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Transitory inflation will last longer than a couple quarters, strategist says

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Jonathan Golub, Credit Suisse Chief U.S. Equity Strategist & Head of Quantitative Research, joins Yahoo Finance Live to discuss Credit Suisse's bullish outlook on the S&P 500 and which sectors to watch in the second half of 2021.

Video Transcript

BRIAN SOZZI: I know one person will be watching the Fed meeting today very closely, that is Jonathan Golub. He's the chief US equity strategist, the head of quantitative research over at Credit Suisse. Jonathan, always good to see you. Is there anything the Fed could say today that would upset where you think the market might go over the next 12 months?

JONATHAN GOLUB: Could they? Sure. Do I expect them to? Not at all. I mean, the-- our expectation is that the Fed is probably going to wait until November to indicate that they're going to begin the taper process and that it'll start closer to December.

But with economic data weakening recently-- and we're seeing that in all kinds of things, everything from the last GDP report to the last jobs report, economic surprises have turned negative-- I think that the Fed is going to want to provide some calm to the market while still leaving their options open to move when they want. So I think the Fed has done a brilliant job of keeping the market confident and I expect nothing but that in their comments today.

EMILY MCCORMICK: Jonathan, you recently initiated your 2022 S&P 500 price target, and it's 5,000. Now that's almost 15% upside from yesterday's closing prices. What's the case for this continued march higher as we look into next year, even against this decelerating growth environment?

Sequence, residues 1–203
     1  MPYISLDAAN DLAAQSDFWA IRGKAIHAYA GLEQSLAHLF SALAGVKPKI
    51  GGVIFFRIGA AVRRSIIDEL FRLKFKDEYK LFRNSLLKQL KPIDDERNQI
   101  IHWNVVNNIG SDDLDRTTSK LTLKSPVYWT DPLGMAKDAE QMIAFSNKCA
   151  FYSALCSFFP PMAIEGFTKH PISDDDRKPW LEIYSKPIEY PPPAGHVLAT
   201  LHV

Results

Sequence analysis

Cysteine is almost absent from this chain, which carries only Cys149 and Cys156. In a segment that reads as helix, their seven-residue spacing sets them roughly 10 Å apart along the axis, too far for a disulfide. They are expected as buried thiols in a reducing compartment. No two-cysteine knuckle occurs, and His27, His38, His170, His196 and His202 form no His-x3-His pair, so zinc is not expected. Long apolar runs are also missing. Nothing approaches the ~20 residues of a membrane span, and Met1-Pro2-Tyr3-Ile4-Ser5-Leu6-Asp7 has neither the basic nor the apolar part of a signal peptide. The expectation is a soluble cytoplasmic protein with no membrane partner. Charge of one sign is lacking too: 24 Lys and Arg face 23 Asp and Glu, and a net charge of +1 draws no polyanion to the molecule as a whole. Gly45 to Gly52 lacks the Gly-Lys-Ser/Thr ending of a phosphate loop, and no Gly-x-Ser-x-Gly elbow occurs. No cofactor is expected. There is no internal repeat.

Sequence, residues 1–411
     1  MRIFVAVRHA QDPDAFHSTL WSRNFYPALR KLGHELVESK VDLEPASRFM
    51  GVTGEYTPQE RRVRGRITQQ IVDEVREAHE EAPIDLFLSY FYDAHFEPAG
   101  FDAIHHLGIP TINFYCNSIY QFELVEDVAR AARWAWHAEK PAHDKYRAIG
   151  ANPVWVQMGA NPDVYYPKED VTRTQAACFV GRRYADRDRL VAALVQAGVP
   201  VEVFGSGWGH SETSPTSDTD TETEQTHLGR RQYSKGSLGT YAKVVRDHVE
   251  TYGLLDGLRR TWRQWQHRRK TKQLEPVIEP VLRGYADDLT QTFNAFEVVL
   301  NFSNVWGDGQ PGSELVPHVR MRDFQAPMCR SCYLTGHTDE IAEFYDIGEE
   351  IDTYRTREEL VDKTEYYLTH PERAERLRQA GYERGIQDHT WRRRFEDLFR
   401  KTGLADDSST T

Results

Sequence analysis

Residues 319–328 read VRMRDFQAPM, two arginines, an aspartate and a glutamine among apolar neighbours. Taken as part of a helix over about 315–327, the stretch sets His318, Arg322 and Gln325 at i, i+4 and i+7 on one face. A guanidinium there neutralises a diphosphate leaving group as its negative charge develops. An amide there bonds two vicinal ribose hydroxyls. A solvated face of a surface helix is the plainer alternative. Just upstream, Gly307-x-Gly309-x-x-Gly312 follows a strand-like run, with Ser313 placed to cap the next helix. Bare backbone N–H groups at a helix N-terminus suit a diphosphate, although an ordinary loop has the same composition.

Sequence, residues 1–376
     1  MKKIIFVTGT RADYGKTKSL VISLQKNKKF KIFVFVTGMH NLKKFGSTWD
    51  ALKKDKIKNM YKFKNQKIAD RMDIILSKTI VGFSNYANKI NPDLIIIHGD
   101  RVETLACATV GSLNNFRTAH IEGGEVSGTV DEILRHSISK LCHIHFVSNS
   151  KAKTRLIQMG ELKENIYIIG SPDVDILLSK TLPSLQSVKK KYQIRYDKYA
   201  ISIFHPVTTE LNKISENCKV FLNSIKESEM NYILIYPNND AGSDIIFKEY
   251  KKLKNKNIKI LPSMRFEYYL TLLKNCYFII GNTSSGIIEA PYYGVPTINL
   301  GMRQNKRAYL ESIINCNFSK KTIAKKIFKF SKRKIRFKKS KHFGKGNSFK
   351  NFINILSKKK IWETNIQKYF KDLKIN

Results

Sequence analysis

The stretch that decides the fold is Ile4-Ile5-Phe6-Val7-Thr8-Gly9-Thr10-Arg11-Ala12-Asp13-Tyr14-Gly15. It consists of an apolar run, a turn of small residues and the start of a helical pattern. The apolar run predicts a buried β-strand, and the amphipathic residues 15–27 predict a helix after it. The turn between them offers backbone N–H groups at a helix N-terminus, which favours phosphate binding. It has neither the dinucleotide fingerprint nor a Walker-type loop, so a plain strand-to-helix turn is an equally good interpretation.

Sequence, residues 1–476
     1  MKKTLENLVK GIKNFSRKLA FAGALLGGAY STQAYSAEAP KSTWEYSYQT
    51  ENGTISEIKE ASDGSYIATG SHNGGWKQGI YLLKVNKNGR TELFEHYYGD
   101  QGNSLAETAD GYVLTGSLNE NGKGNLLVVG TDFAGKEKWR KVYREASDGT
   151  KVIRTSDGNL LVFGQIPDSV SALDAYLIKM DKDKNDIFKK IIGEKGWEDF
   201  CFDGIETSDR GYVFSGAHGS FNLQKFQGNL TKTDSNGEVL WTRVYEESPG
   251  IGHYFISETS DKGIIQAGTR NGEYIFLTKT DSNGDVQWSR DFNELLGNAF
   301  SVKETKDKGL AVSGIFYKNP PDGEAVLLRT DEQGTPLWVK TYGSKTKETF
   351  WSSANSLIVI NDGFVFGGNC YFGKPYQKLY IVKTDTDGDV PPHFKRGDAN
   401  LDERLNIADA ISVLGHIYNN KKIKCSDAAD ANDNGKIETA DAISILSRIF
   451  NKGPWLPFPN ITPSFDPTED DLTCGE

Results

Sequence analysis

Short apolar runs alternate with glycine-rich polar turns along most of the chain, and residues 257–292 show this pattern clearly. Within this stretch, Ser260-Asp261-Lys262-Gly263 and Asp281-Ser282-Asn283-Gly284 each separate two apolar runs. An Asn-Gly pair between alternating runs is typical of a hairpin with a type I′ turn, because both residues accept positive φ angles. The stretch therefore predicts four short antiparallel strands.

JONATHAN GOLUB: Right, so first of all, 15% or so up over the next 15 and 1/2 months is a pretty constructive optimistic view, but it's not-- it's not as big as the number itself would indicate. But it's really one simple story, that this environment of rising prices where companies have terrific pricing power, that they're able to deliver fantastic earnings growth. And if you look at the last five quarters, they've surprised-- they-- companies in the S&P 500-- have surprised by something like 19% on average for the last five quarters.

Now we actually think this quarter is going to be a smaller surprise, something maybe closer to 6% or 8%, but still, that's a very, very big number compared to history. And we think that ultimately, that's going to be the driving force. It's not a sentiment issue. It's not fun flows. It's not easy Fed money, it's good old-fashioned profits.

EMILY MCCORMICK: Speaking of profits, though, one of the things that we've been watching and asking some of our other guests is when we look at some of the companies that have been reporting recently-- FedEx being one of them-- really highlighting here the profit margin pressure due to these rising labor costs, rising input costs, is that something that concerns you? Or when do you think this is actually going to dissipate some of these pressures?

JONATHAN GOLUB: Well, you know, I think you have to separate that. First of all, on an individual company, and I don't cover this particular company, obviously, but there are going to be individual companies that are feeling different types of pressure from rising labor costs or rising input prices. But generally speaking, what you're seeing is companies have relatively little problem passing on higher expenses to their customers.

And as much as they are broadly-- companies in the S&P-- are broadly increasing wages for their employees, those are being really well managed so the companies remain extremely profitable. So we're going to see, as we move into the broader earnings season in late September and early October, we're going to start to get profit warnings. You typically get those bad news warnings earlier, and the beats and the good news comes a little bit later.

So I wouldn't be surprised if we hear more chatter that looks like what we've heard over the last day or so. But I think in general, we're going to be surprised to the upside again.